From plasmodesma geometry to effective symplasmic permeability through biophysical modelling
Regulation of molecular transport via intercellular channels called plasmodesmata (PDs) is important for both coordinating developmental and environmental responses among neighbouring cells, and isolating (groups of) cells to execute distinct programs. Cell-to-cell mobility of fluorescent molecules and PD dimensions (measured from electron micrographs) are both used as methods to predict PD transport capacity (i.e., effective symplasmic permeability), but often yield very different values. Here, we build a theoretical bridge between both experimental approaches by calculating the effective symplasmic permeability from a geometrical description of individual PDs and considering the flow towards them. We find that a dilated central region has the strongest impact in thick cell walls and that clustering of PDs into pit fields strongly reduces predicted permeabilities. Moreover, our open source multi-level model allows to predict PD dimensions matching measured permeabilities and add a functional interpretation to structural differences observed between PDs in different cell walls.
PDinsight can be downloaded from GitHub: https://github.com/eedeinum/PDinsight. Documentation on the use of PDinsight.py is included as an appendix to the manuscript with additional information at the head of the example parameter file. More extensive documentation is included with PDinsight on GitHub. PDinsight also has a citable DOI through Zenodo: 10.5281/zenodo.3536704. The PDinsight parameter files used for this manuscript are included as Source Code 1.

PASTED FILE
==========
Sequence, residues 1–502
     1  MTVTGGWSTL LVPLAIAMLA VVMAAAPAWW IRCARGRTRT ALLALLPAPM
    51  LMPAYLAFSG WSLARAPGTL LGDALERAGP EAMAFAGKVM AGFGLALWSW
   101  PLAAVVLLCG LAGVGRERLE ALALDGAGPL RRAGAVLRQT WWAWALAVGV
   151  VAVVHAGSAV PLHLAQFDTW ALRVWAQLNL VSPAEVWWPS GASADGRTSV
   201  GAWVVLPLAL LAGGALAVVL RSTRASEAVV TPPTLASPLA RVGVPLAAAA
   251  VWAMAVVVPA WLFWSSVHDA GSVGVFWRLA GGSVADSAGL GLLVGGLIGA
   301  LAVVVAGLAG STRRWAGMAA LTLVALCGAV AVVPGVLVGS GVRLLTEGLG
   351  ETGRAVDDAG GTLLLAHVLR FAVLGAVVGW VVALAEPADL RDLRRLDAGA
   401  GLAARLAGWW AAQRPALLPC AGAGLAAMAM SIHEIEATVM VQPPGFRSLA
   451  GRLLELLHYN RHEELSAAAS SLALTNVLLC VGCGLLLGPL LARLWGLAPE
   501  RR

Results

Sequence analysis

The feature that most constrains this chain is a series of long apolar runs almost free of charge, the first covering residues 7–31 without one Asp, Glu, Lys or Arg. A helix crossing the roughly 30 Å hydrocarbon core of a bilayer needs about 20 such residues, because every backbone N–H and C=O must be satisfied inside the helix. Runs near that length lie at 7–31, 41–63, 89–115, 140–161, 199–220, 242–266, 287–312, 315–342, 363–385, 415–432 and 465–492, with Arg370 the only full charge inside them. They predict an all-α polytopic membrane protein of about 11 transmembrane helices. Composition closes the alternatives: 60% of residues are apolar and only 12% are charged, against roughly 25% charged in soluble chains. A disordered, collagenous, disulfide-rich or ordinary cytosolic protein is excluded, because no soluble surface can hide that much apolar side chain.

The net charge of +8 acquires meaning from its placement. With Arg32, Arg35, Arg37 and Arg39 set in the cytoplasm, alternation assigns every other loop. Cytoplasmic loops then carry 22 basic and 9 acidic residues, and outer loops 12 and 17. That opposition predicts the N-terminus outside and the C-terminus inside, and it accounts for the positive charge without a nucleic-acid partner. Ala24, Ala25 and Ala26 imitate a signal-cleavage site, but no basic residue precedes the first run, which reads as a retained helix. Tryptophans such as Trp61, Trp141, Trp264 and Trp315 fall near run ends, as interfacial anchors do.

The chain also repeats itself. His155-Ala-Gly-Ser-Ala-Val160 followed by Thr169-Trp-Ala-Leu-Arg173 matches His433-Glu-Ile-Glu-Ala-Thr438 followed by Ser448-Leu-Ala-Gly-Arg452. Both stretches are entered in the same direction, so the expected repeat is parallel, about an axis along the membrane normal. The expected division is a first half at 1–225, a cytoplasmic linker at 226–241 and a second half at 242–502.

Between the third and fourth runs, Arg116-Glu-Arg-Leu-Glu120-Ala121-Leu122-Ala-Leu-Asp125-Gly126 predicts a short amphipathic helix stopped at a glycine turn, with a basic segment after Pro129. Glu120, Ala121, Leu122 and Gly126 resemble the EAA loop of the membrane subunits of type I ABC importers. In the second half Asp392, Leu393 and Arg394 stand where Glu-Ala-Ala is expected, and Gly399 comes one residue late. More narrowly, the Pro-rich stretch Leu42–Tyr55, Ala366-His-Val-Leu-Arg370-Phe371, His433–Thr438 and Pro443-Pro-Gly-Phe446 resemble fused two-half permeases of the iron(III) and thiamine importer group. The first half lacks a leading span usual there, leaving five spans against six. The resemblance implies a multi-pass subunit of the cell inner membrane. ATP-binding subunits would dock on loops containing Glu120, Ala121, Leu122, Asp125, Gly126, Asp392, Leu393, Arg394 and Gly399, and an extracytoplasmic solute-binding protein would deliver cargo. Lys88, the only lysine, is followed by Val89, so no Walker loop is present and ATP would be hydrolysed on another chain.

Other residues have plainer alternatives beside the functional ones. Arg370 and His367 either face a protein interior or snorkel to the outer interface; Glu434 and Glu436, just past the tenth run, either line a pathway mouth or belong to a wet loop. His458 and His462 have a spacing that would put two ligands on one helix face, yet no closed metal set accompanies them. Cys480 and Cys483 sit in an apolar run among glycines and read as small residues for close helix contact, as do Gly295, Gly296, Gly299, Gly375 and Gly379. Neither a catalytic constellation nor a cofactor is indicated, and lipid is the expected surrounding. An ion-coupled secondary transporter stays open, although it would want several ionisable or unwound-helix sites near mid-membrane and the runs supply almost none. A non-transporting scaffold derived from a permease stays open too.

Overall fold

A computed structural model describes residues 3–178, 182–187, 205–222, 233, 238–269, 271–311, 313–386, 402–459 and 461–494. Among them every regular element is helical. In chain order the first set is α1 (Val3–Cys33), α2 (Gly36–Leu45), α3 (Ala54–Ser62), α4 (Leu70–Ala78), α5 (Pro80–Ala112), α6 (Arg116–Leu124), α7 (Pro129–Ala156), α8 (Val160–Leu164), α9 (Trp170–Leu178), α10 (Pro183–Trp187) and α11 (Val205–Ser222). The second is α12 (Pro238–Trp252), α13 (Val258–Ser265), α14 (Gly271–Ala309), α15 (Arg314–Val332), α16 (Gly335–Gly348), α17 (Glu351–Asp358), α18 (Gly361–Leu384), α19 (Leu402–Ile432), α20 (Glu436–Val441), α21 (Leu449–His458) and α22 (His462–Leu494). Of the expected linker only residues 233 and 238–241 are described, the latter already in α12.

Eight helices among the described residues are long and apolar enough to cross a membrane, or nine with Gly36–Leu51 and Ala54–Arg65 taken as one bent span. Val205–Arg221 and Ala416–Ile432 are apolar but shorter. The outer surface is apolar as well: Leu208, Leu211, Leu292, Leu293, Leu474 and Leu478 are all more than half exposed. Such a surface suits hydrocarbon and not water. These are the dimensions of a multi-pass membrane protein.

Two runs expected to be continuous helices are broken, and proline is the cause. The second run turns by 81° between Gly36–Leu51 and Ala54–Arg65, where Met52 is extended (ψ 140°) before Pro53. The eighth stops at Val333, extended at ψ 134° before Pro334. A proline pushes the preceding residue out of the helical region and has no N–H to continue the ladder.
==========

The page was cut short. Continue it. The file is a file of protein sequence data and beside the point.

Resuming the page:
Article and author information
European Molecular Biology Organization (ASTF 105 - 2012)
- Eva E Deinum
Nederlandse Organisatie voor Wetenschappelijk Onderzoek
- Bela M Mulder
Engineering and Physical Sciences Research Council (EF/M027740/1)
- Yoselin Benitez Alfonso
Leverhulme Trust (RPG-2016-13)
- Yoselin Benitez Alfonso
The funders had no role in study design, data collection and interpretation, or the decision to submit the work for publication.
- Dominique C Bergmann, Stanford University, United States
- Received: June 3, 2019
- Accepted: November 16, 2019
- Accepted Manuscript published: November 22, 2019 (version 1)
- Accepted Manuscript updated: November 25, 2019 (version 2)
- Version of Record published: January 31, 2020 (version 3)
© 2019, Deinum et al.
This article is distributed under the terms of the Creative Commons Attribution License permitting unrestricted use and redistribution provided that the original author and source are credited.
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